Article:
Reading Givens’ book made me to consider how the practice of exegesis is applied or can be applied to the Book of Mormon the way it is done using the Bible.  Exegesis, defined broadly, is the explanation or interpretation of a text.  There is a rich history of exegesis applied to Biblical texts and his been responsible for most major developments in Christian theology.  Biblical exegesis can be said to have had a tremendous impact on Mormon theology in particular as well considering that many of the sections in the Doctrine and Covenants were revelatory responses to Joseph Smith’s new translation of the Bible.

I will borrow an idea from Terryl Givens here, hopefully in a way he would approve, and say that Book of Mormon exegesis falls into two categories:

1.  Examination of the text of the book to understand its meaning
2.  Using the text as a means to receive revelation from God

Granted, both of these methods can and have been used in Biblical exegesis but I think the first has been used more especially.  The strength of the Book of Mormon exegesis has usually been of the second kind.  It is not bad that the Bible and Book of Mormon have been used in these ways, but there is also opportunity to develop spirituality further by trying both exegetical approaches to both works of scripture.  For example, the Bible can be read in a way to feel the power of God.  Readers can pray about the Bible to know by the power of the Holy Ghost if its words are true (Moroni 10:4-5).  Historically, this has been seen in the practice of lectio divina.  The Book of Mormon can also be read to develop a deeper understanding of atonement, agency, grace, the godhead, and the first principles of the Gospel.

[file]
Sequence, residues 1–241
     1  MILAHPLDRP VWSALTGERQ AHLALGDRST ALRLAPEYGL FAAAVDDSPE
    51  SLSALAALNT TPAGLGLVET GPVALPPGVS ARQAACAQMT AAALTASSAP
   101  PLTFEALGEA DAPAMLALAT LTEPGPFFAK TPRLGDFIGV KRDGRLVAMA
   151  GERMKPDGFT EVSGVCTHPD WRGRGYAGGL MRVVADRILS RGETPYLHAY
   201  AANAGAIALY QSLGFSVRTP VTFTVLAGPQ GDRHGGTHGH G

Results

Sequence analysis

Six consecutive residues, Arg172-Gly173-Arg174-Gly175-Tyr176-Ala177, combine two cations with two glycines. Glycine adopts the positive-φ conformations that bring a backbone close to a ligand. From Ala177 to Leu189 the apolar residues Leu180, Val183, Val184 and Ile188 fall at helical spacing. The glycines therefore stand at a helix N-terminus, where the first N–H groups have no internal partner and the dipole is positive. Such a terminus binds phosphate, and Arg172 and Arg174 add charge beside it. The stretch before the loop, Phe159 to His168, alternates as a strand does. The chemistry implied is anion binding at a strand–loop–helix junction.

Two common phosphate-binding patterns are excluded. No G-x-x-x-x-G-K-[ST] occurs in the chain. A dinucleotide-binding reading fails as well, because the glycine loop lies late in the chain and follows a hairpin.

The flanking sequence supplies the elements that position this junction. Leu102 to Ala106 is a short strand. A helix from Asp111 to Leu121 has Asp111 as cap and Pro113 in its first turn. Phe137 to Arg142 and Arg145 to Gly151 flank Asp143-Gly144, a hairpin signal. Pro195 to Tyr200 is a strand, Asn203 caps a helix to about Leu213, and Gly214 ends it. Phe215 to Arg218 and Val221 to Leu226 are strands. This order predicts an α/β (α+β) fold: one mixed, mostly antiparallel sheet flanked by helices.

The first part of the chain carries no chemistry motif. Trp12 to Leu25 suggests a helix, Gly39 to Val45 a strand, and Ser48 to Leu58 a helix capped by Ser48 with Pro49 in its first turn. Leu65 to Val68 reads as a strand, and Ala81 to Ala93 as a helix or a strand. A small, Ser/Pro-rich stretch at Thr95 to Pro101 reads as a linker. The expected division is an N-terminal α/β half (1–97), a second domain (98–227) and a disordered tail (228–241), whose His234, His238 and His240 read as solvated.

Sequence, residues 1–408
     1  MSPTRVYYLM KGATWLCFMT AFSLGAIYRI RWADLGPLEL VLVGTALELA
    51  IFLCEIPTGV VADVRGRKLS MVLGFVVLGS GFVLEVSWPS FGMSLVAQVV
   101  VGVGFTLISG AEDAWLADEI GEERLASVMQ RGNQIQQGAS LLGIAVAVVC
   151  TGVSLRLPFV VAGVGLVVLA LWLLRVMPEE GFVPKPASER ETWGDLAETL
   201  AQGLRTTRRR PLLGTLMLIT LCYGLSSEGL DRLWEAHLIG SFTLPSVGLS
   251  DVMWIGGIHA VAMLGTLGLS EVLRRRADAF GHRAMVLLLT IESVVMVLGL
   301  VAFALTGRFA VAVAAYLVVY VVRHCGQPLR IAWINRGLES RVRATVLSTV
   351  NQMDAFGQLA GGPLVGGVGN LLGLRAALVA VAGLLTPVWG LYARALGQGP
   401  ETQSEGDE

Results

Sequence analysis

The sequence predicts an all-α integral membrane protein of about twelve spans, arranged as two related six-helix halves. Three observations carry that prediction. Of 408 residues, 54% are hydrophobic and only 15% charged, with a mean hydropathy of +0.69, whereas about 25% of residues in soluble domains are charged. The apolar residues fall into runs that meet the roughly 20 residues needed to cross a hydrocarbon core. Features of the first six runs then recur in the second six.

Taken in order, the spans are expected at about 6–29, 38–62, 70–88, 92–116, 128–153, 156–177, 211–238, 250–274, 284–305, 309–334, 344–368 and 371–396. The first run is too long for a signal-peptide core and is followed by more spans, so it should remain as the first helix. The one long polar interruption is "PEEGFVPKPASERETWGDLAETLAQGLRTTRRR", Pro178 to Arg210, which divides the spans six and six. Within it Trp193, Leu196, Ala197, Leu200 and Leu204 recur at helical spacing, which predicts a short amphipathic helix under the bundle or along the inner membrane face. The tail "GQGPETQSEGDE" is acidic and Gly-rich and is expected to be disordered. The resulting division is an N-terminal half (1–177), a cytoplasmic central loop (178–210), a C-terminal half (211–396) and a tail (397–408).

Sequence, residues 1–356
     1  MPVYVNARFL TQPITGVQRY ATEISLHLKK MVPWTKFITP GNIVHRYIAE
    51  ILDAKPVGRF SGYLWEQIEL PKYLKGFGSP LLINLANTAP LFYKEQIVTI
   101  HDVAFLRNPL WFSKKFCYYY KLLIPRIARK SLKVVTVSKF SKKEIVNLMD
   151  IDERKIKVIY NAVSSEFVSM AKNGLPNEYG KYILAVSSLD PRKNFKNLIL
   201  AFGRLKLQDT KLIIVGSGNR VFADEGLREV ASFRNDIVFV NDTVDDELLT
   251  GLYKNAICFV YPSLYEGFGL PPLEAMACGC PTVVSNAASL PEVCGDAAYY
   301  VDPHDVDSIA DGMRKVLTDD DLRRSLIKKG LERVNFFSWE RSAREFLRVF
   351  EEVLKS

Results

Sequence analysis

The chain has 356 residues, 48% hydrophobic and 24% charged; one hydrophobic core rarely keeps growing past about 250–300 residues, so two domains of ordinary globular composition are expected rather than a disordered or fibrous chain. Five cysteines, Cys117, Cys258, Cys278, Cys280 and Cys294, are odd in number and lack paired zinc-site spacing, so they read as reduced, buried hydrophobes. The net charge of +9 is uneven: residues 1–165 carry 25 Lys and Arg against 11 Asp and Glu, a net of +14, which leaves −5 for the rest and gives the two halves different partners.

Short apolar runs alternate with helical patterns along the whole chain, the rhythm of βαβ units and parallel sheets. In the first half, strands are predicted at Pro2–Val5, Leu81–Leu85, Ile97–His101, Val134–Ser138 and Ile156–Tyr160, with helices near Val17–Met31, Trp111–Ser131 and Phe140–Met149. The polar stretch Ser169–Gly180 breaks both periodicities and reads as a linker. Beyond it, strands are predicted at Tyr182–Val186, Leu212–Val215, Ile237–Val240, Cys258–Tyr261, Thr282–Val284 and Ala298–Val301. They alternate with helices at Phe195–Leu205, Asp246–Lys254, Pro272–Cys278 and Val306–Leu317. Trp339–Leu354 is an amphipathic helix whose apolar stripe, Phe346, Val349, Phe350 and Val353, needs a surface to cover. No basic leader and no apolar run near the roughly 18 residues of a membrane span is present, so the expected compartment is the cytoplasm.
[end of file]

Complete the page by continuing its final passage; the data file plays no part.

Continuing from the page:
These two approaches are by no means mutually exclusive and can in fact be mutually fulfilling.  The Book of Mormon has been and remains the most powerful tool for conversion experience in the Mormon faith.  There is a power in it that turns its readers to Christ.  The Book of Mormon also contains some of the most profound lessons of any work of scripture.  These lessons can be explicit in the form of sermons and doctrinal explanations.  The lessons can also be woven into the stories of the lives of these ancient people, from which the deeper meaning must be deciphered.  Undertaking this work of theological, literary exploration is a challenging but ultimately rewarding effort that further deepens the revelatory encounter with God just as in the first instance of conversion.

1.  Givens, Terryl. By the Hand of Mormon: The American Scripture that Launched a New World Religion. Oxford. 2002. p. 235